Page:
Post Category - ExpertsExpertsPost Category - Family LifeFamily Life - Post Category - Domestic HelpersDomestic Helpers
We have the best Agony Uncle at Sassy Mama – Andreas is the author of one of our most-recommended books: Hiring & Managing Domestic Help. It’s an absolute must-have for Singapore mamas and you can buy it here! Today we’re getting serious with a very common question relating to whether you should ever lend money to your helper, and if so, how much is too much?
Our helper, who is in her mid-forties, has now borrowed money from us several times to pay for family health issues and hospital bills in the Philippines. The first time she needed money, we were on holiday at the time in Europe, and had left some money just in case any emergencies came up… She ended up taking this money without our permission and sending it home. When we got back we discussed it, and decided to move past the issue because otherwise she is so excellent in all that she does for us.
A couple of months after this, one of her family members passed away, and she needed some of her wages in advance to pay for funeral bills (which she hasn’t paid back). As a nice gesture, I also paid for her flights home and gave her a week off.
Finally, today she came to me asking for more money because another family member was in a car accident. I’m at a loss really. On the one hand, I want to be compassionate and help (and I really don’t want her to go to an outside lender), but on the other hand, when does it stop?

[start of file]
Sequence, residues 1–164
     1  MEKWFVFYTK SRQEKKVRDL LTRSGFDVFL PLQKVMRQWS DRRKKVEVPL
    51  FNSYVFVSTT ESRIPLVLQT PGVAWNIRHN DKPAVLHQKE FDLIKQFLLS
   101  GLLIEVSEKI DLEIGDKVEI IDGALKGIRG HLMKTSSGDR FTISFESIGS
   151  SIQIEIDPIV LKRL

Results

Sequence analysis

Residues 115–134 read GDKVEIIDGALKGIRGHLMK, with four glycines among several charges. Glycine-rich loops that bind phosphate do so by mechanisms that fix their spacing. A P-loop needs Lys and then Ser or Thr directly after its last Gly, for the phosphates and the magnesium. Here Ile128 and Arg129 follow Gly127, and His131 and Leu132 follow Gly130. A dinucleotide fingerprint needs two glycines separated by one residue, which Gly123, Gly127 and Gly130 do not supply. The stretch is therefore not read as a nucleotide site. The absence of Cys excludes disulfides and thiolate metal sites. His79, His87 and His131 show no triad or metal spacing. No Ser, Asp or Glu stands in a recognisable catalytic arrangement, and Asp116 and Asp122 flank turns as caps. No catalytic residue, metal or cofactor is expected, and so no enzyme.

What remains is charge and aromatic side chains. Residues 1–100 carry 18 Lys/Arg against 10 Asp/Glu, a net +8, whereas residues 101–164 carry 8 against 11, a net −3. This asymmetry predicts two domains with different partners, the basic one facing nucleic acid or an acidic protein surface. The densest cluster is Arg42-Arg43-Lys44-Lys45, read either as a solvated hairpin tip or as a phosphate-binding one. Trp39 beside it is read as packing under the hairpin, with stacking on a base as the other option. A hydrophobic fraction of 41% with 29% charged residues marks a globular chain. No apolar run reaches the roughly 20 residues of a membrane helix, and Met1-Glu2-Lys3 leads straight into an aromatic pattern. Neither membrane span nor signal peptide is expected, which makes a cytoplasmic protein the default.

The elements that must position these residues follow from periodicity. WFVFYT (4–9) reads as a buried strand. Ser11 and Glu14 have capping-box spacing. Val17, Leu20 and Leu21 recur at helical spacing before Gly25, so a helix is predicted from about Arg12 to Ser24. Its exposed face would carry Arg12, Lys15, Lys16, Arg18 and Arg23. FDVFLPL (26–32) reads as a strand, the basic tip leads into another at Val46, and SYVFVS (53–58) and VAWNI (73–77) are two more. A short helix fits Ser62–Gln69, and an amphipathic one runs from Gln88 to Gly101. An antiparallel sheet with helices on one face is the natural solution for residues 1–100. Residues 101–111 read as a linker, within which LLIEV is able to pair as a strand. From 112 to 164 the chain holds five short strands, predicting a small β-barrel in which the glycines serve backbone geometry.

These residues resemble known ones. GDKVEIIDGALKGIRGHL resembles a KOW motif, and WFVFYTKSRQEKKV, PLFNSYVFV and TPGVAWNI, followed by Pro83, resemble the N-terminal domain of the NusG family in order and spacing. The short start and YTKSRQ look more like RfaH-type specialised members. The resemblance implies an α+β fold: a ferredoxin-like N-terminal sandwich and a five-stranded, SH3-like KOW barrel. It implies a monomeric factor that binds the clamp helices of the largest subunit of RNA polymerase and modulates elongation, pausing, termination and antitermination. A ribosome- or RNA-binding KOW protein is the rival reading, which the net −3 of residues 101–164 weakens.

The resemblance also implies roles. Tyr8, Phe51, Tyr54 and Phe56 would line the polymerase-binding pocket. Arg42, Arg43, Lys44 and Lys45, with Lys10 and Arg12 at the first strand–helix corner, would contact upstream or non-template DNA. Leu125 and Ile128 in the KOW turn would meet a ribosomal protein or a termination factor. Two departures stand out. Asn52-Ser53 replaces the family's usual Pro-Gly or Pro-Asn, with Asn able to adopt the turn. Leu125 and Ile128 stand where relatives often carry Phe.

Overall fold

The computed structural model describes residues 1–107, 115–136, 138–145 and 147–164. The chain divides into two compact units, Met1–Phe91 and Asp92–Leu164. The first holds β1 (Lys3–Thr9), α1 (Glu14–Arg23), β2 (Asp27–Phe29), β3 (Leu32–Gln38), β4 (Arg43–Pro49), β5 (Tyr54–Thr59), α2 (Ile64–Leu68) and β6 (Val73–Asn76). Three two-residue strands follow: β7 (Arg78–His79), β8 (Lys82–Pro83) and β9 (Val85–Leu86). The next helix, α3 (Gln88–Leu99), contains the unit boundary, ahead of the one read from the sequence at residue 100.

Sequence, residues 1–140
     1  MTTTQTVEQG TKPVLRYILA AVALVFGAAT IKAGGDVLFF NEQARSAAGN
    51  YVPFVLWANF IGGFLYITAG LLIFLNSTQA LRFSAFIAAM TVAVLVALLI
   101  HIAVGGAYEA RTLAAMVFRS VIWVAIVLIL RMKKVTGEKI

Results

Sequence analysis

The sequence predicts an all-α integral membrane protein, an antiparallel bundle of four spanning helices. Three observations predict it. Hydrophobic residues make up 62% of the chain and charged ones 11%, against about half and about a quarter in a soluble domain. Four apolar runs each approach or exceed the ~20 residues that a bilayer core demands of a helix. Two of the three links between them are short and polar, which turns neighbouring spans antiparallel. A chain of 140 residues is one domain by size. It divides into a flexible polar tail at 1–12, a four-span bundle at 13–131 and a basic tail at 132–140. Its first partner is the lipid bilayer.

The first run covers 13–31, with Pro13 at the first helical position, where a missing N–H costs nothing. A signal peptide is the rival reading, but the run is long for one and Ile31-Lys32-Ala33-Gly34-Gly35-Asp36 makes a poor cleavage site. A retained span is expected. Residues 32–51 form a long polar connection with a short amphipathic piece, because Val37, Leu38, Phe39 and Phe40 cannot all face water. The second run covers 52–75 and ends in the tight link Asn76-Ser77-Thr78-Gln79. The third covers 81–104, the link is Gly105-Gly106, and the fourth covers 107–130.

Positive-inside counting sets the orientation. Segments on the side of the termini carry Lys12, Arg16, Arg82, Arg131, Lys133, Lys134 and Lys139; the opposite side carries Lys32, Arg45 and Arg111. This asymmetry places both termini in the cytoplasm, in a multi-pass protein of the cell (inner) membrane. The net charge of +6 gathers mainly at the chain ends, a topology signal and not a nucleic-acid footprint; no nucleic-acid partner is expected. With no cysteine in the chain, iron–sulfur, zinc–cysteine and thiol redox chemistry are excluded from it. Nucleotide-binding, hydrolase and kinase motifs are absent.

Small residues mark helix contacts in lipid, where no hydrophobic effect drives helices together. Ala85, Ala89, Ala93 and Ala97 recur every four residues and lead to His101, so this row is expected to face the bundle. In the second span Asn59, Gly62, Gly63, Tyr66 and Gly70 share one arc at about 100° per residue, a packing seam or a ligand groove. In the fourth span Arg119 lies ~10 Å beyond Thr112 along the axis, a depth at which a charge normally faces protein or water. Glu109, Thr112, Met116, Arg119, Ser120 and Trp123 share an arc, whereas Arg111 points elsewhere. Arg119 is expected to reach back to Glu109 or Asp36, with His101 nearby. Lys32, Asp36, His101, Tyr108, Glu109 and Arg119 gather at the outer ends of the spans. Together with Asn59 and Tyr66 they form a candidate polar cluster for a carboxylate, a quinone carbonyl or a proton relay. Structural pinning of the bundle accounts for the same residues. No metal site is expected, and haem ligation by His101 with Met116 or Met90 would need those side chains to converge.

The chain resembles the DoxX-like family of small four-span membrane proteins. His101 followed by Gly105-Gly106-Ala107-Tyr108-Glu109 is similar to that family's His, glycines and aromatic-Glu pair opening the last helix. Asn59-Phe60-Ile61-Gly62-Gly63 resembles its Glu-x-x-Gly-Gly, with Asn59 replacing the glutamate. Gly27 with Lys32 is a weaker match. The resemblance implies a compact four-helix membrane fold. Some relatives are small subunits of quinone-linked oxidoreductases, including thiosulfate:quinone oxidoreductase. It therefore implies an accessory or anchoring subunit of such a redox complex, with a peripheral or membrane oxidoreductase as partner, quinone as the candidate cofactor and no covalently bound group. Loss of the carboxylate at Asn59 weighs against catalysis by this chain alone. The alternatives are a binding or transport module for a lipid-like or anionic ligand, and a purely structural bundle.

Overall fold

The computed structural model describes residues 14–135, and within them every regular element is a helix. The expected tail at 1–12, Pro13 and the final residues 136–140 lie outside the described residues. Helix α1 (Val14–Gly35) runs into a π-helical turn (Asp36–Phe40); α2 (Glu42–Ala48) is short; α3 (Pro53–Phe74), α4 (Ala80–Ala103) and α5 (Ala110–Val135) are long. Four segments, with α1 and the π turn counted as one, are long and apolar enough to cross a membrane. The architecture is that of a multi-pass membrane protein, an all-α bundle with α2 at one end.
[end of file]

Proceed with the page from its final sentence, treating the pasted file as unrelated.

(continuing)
As is evident in your story, money can poison any relationship. And while you are a very kind person to give and lend all this money, you have been far too kind.
Always remember that your helper is an employee, not a family member. You are an employer, not a bank. You are not responsible for her extended family. If you worked in an office, how do you think your boss would feel if you took money from the company petty cash to send to your kids in college as pocket money? What she did is no different. She stole from you. The fact that it was for a family member’s hospital bills does not change that fact one bit. That alone should be a firing offence.
You moved past the incident, once again showing how kind you are. But instead of learning her lesson, she hits you up for money again and again. She is using you. If she has money problems, that is her business. She is not your child or sibling and you are not obligated to help her. This money problem has infected your entire working relationship.
Not to be too cynical, but are you even sure these all issues are real?
Look for another helper and fire this one. Find one that is honest and would never steal from you even if you leave money or valuables lying around.
By all means lend money to your helper, but make sure you never lend more than a month’s salary, and never lend more before she has repaid the last loan. If your helper goes to an outside lender, that is her business. As long as it has no impact on her work and your family, that is fine. If it does, then you need to give at least a warning, and perhaps terminate the contract. She is an adult and should act like one, which includes professional conduct on the job.
On a final note, make sure you don’t poison the relationship with the new helper because it ended on bad terms with the old one. Give her the benefit of the doubt and trust her ever if the previous helper was not trustworthy.
For the only guide you’ll ever need on working with a helper, check out Andreas’ fab book ‘Hiring and Managing Domestic Help’ and buy it here.